*Getting to know the members of our stake and enjoying working with them
*Crossing through some huge mud bogs with the handcarts.
*Talking with Ray about how great it would be to serve a mission out there when we're older. Ray was sold when he watched one of the missionaries walk 50 yards from his house to the river to fish!
I know from personal experience that often when people go on treks and are excited to share about it...others often don't share that same enthusiasm. I completely undertand. If I had not been a part of the planning of this trek and been there myself, I might possibly be bored. So if you are still reading this, bless you. And if not, I totally get it.
But I would like to share something powerful that I got out of this, something beyond just the highlights. Studying the lives and experiences of the pioneers as we have, I have gained much from their faith. With some of them it feels as if I have come to know them. Francis Webster, a member of the Martin Handcart Company in 1856, and someone who I love, said something that I find life changing.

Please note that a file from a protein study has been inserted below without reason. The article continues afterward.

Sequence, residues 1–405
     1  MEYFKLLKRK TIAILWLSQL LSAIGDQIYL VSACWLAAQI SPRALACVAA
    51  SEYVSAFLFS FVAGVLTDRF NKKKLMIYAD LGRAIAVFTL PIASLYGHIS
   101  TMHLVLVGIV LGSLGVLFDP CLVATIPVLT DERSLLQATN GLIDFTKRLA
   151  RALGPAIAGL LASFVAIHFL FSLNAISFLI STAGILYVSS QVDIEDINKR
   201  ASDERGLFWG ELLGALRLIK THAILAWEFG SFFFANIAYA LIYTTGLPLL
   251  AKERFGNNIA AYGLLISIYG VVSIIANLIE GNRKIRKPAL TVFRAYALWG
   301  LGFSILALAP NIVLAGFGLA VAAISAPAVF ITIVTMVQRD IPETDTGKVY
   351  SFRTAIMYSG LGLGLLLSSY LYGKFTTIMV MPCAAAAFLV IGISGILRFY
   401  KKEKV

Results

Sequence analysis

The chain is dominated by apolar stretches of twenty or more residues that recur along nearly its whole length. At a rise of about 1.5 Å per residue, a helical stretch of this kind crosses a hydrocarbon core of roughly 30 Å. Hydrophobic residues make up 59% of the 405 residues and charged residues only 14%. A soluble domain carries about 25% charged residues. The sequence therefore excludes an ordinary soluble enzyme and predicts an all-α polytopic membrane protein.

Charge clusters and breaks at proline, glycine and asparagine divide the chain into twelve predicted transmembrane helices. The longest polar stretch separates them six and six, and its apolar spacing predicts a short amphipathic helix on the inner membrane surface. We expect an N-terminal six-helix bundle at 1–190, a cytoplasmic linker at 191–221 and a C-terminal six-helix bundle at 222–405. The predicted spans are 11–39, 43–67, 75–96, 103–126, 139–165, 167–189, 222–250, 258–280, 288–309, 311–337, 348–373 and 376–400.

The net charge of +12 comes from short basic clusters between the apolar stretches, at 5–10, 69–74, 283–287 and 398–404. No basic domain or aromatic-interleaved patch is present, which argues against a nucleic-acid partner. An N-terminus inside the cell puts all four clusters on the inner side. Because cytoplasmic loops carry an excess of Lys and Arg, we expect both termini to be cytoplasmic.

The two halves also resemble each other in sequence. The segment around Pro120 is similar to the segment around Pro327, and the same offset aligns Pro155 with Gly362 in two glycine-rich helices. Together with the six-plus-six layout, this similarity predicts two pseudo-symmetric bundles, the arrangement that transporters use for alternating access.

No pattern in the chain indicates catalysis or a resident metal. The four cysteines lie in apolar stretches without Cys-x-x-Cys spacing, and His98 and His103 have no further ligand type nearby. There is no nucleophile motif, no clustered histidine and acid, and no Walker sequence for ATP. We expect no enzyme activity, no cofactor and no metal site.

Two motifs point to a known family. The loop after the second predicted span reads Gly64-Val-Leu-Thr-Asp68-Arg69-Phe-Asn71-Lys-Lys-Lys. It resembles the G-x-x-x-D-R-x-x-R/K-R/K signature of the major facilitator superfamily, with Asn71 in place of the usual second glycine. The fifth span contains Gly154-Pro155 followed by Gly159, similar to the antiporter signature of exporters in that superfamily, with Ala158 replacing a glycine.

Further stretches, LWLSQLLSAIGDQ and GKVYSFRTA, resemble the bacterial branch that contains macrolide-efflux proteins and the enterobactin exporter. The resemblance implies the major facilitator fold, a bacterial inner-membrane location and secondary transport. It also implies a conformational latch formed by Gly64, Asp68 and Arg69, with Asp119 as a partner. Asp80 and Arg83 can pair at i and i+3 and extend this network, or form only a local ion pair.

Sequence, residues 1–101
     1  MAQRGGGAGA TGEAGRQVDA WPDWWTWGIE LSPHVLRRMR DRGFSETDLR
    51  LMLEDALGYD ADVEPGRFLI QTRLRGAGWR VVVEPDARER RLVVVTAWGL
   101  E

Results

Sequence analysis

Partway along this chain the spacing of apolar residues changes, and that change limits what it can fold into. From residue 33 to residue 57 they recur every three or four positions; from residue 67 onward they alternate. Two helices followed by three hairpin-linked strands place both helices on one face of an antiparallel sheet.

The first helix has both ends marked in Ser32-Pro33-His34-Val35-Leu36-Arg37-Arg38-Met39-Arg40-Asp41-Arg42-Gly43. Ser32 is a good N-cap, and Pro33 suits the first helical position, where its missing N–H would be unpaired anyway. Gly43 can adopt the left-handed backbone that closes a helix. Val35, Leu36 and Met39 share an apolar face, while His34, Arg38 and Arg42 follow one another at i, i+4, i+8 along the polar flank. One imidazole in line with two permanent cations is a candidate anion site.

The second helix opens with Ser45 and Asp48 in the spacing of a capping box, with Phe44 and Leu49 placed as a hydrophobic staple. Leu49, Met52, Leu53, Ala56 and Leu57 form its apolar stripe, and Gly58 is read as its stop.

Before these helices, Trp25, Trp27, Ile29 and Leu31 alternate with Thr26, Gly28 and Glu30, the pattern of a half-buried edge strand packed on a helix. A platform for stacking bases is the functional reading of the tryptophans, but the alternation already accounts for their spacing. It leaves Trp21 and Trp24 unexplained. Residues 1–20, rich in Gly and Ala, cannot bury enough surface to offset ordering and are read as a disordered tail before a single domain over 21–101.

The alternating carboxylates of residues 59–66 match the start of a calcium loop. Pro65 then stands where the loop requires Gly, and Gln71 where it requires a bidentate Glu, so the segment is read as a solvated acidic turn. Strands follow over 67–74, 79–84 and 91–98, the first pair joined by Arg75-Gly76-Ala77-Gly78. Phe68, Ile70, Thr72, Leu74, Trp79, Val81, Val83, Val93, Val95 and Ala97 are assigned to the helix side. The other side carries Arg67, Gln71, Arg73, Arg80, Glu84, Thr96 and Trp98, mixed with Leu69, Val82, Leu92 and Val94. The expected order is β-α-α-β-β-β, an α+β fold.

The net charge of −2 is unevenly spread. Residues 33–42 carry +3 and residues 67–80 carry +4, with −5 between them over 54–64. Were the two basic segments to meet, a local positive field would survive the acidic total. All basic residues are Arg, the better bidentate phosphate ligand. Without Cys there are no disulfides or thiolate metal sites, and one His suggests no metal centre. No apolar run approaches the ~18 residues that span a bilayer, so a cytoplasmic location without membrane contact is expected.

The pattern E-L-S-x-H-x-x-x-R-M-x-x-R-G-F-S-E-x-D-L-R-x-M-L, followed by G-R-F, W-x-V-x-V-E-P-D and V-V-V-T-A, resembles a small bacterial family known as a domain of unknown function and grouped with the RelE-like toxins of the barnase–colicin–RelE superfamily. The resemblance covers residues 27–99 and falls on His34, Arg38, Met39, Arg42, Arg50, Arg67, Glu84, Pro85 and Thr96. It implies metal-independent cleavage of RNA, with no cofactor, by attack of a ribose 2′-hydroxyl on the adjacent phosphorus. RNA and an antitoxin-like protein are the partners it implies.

The setting was in a Sunday School class in Cedar City, many years after the famous trek of 1856. Some sharp criticism of the church and its leaders was being indulged in for permitting any company of converts to venture across the Plains with no more supplies or protection than a hand cart caravan afforded.
Francis Webster, an old man by that time, sat in the corner sat silent and listened as long as he could stand it then he arose and said things that no person who heard him will ever forget. His face was white with emotion yet he spoke calmly, deliberately, but with great earnestness and sincerity.
He said in substance, "I ask you to stop this criticism. You are discussing a matter you know nothing about. Cold historic facts mean nothing here for they give no proper interpretation of the questions involved.